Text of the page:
Book Buddies Review: Miss Peregrine’s Home for Peculiar Children

book buddies


lauren + cristinaMiss Peregrine’s Home for Peculiar Children by Ransom Riggs

Miss Peregrine's Home for Peculiar Children (Miss Peregrine's Peculiar Children, #1)Ratingfour stars
First impression: Ehhhh I don’t know about this one
Last impression: Wow, what a pleasant surprise
Format: Library e-book / 352 pages
Publishing Info: June 7th 2011 / Goodreads
Other books read by author: None

1summary

A mysterious island. An abandoned orphanage. A strange collection of very curious photographs.
It all waits to be discovered in Miss Peregrine’s Home for Peculiar Children, an unforgettable novel that mixes fiction and photography in a thrilling reading experience. As our story opens, a horrific family tragedy sets sixteen-year-old Jacob journeying to a remote island off the coast of Wales, where he discovers the crumbling ruins of Miss Peregrine’s Home for Peculiar Children. As Jacob explores its abandoned bedrooms and hallways, it becomes clear that the children were more than just peculiar. They may have been dangerous. They may have been quarantined on a deserted island for good reason. And somehow—impossible though it seems—they may still be alive.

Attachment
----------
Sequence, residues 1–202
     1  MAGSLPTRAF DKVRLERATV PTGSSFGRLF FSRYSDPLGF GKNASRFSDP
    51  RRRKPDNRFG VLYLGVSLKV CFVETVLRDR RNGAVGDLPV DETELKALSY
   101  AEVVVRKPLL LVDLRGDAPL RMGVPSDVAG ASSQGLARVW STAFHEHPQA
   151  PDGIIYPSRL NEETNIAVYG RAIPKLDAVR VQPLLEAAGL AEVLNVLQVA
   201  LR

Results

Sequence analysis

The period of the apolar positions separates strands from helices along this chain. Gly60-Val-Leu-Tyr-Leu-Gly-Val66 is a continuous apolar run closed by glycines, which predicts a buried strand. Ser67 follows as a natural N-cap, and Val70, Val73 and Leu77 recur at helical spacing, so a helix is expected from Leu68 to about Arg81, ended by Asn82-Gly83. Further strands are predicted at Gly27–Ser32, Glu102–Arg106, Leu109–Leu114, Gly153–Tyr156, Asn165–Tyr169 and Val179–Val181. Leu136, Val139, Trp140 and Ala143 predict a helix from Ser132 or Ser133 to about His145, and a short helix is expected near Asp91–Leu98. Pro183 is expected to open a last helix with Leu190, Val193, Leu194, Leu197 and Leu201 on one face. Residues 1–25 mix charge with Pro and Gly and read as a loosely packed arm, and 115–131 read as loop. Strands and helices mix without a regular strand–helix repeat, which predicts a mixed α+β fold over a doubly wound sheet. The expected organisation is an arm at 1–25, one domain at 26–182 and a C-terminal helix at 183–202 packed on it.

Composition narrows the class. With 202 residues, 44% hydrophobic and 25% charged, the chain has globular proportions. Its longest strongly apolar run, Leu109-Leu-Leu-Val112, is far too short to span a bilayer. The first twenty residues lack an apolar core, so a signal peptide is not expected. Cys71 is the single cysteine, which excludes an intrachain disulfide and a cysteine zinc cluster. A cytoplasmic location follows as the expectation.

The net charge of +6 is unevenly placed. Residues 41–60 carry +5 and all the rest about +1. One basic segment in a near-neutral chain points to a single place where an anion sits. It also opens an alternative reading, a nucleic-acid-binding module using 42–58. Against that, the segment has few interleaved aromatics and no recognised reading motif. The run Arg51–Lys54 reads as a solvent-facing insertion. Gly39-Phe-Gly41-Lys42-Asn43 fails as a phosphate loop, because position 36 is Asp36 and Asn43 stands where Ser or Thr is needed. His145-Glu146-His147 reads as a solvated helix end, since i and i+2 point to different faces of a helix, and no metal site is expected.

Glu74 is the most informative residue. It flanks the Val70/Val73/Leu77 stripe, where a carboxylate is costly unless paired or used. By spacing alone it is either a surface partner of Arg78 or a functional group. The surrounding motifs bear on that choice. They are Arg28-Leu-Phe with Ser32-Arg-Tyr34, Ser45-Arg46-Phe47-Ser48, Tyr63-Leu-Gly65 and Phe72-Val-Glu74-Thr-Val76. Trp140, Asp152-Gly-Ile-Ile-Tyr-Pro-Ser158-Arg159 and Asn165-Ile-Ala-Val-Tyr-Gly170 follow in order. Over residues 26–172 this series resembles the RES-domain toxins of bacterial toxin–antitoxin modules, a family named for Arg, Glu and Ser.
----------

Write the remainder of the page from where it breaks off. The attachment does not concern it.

A spine-tingling fantasy illustrated with haunting vintage photography, Miss Peregrine’s Home for Peculiar Children will delight adults, teens, and anyone who relishes an adventure in the shadows.


Book Buddies is a discussion-style review that takes place with one of my two buddies. (Learn more and see past reviews here) We both read the book and then have a private discussion about it. We post our discussion as a review on the last Wednesday of each month. You’ll be able to see our similar/different opinions on the overall book, characters, writing style, etc. – just like a regular review. The first half our discussion will take place on one blog and the second half will take place on the other blog. Without further ado, here’s the first BOOK BUDDIES REVIEW!